...It actually doesnt have a copper heatpipe at all. And, they wouldn't work well at all with Zalman heatsinks, as air would have to flow parallel to the GPU card, not straight down, as is what happens with Zalman HS's, and other similar GPU HS's.

It just seems pointless, with the fact the aluminium fins make awfully poor contact with the copper nail, which isnt even delivering much heat for removal.
lol man why dont you just say his idea sucks!

I give you made props man good show great work!
 

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1) Are pennies even 100% copper anymore?
2) Instead of one or piece construction, there are multiple components. Hence, a lot of inefficent thermal transfer due to air bubbles and poor contact.
3) Is there really that much surface area?
4) No fan mounts?
5) Solder is usually lead and tin. Not nearly as conductive as aluminum and copper.
6) How is mounted on the chipset?
7) Are soda cans pure aluminum? Is there any coating on the aluminum?

A Thermalrigh HR-05 or Jing Ting Force would easily beat this HS.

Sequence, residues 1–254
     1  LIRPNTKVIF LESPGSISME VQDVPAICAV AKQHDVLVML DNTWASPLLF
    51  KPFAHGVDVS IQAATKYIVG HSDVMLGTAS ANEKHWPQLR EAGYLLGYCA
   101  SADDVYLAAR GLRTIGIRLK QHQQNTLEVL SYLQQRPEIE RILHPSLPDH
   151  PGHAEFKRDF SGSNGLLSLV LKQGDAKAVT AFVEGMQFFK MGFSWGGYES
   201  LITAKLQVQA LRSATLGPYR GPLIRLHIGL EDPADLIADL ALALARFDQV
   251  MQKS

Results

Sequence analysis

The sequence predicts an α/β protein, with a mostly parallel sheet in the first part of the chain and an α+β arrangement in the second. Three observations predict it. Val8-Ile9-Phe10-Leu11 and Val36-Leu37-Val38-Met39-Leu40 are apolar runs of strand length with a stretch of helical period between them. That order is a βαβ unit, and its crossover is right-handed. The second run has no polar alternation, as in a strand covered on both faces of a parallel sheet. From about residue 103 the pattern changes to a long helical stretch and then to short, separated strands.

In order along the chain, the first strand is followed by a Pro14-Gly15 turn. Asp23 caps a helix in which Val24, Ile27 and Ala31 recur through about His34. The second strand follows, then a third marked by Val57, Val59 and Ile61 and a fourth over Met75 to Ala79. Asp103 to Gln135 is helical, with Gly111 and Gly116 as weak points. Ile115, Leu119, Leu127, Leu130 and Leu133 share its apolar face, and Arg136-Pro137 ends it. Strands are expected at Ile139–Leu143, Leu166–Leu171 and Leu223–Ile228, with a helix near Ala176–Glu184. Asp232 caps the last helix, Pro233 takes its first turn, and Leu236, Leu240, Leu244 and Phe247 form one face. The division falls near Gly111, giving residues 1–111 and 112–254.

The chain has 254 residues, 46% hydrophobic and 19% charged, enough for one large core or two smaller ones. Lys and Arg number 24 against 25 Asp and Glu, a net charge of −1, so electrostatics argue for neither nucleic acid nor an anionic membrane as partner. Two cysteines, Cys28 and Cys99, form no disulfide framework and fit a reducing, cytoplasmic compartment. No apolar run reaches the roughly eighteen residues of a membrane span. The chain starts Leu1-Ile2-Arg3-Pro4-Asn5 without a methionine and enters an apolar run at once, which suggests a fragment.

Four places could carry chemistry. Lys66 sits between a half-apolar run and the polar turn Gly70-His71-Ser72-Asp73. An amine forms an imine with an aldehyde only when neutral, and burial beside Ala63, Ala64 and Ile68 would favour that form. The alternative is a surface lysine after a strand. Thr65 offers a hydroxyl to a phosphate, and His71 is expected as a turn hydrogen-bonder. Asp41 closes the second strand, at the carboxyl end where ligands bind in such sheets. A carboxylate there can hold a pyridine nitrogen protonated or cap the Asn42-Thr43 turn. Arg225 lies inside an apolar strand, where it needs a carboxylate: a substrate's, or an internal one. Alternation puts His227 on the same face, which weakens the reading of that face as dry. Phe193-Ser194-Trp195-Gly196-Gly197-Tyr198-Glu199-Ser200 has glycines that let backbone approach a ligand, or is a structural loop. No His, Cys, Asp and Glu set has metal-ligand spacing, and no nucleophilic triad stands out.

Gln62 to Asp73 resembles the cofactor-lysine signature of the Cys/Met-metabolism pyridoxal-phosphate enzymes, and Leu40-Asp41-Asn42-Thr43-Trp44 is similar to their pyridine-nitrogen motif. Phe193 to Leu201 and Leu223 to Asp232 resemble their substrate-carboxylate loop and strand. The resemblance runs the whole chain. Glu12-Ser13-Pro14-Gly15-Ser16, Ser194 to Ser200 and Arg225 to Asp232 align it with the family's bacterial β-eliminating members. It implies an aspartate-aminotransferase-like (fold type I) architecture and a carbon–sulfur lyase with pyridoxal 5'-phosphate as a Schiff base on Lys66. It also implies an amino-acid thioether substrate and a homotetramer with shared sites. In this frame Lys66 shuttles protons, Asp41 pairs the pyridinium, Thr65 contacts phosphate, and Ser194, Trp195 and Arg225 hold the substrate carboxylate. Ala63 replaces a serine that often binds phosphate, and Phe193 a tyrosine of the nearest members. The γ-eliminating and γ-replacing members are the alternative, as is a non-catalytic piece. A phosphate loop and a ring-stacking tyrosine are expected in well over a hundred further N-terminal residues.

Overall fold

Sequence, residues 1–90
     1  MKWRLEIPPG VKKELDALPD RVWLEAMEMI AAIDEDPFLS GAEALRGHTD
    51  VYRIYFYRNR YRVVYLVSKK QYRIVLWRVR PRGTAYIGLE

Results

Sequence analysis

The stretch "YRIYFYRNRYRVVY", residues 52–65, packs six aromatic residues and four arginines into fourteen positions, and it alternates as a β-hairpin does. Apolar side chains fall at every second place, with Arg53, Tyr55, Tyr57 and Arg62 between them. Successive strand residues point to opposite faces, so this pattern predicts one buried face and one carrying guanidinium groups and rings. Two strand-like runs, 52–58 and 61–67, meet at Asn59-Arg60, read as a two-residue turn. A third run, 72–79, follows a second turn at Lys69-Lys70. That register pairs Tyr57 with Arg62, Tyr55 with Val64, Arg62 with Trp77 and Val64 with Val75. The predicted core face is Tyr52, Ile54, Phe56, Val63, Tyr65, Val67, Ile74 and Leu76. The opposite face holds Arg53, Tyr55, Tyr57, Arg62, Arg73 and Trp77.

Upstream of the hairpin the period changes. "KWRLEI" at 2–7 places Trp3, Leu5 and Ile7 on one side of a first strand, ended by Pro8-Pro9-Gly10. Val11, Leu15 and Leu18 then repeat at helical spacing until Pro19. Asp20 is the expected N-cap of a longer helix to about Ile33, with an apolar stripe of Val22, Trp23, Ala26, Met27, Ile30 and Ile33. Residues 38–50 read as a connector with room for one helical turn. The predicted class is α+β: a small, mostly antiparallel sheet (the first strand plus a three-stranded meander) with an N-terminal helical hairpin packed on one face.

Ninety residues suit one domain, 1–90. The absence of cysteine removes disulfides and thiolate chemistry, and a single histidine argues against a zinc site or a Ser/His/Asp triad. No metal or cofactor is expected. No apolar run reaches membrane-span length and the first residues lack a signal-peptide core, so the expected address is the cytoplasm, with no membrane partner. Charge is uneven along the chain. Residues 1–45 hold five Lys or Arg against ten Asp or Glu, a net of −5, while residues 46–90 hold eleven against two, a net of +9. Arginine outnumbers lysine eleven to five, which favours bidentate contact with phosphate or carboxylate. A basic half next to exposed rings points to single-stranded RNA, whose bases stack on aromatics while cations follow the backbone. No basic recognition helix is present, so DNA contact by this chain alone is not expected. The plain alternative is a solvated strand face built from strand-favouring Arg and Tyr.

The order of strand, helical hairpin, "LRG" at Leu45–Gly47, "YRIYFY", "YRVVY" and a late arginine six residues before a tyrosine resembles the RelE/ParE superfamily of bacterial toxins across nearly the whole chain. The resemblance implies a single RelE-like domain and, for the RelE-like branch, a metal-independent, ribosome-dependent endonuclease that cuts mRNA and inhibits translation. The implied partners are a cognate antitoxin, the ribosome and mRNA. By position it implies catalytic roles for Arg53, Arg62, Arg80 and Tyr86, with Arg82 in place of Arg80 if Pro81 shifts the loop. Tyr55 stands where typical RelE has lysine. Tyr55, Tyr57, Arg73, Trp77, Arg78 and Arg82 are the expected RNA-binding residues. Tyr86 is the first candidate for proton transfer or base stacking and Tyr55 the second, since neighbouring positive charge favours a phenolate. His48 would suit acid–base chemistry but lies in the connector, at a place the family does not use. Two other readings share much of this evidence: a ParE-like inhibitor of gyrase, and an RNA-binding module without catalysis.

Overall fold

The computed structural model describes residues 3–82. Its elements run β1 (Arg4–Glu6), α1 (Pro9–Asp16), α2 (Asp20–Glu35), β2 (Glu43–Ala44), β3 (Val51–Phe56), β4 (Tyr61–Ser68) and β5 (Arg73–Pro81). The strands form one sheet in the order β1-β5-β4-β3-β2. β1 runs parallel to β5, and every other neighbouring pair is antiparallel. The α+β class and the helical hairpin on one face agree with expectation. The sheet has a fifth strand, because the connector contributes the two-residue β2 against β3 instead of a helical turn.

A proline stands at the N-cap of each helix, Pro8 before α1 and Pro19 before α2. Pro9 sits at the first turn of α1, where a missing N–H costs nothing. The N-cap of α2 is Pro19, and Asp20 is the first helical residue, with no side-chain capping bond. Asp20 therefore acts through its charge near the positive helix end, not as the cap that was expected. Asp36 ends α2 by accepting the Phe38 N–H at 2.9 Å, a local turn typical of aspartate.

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Got to say I have never seen that before...Which is amazing since almost everything has been done a thousand times over.....
.....But I'm going to have to stick with my Swifty MCX159 for my NB....
 

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I believe it was in the late 1980s that the pennys were converted to copper plated zink.

Interesting work though
 

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Yeah they used to be 95% copper and 5% tin? Either Sn or Zn... whatever, it was only there to harden it. I forget. Either way, I believe it's 1983 they changed over to the 95% Zn 5% Cu... in other words, copper plating.
 

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Discussion Starter #10
I will try to answer all the questions-